We move on quickly because they are a group of young scholars. They need time, leisure time, to absorb and process ours and their own learning journeys.

The children discuss the placement of the words so that we construct a meaningful, coherent statement.

“What are you thinking? What are you wondering?” I now ask the children.

I want to gather a sense of where they are standing on their own personal learning journeys of understanding. The children talk to me, to their peers and record their thinking and wonderings.
~What do the children notice? 
~How do they demonstrate their understanding of senses?
~What are the questions and wonderings that will deeply affect their learning?

I’m listening, observing and deciding what to nurture and grow.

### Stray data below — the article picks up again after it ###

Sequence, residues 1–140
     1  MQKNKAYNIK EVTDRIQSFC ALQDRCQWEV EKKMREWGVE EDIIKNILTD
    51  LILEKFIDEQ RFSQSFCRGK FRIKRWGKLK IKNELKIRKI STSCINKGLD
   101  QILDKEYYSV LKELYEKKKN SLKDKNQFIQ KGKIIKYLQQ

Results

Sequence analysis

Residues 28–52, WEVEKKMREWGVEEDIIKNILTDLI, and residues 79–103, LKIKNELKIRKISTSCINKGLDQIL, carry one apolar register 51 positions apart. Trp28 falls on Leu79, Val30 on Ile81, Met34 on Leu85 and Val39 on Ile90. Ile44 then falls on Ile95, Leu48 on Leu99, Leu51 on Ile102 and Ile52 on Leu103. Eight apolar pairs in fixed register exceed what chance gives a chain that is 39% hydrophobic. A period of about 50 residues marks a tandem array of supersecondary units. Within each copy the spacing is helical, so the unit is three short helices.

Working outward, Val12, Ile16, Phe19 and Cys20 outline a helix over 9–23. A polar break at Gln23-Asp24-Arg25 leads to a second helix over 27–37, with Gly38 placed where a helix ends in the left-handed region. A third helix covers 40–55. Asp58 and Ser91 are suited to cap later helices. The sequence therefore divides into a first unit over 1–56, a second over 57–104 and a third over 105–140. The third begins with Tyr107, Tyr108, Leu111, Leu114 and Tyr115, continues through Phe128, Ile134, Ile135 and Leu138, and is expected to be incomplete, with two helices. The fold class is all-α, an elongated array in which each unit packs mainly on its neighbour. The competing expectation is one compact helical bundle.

Each day we unlock the central idea statement in a different way, in a different a meaningful way.

I want the children to understand the statement, deeply.
I want the children to understand the words, deeply.

Everyday I highlight and bring forth the learning seeds I want these young scholars to notice. 

We continue to evoke and explore how we use the human body to provoke our senses as we consider; question and seek evidence for our hypothetical questions.

We have set the scene, explicitly embedding important orthographic principles and we have now arrived at our pathway of discovery.

Studying Orthography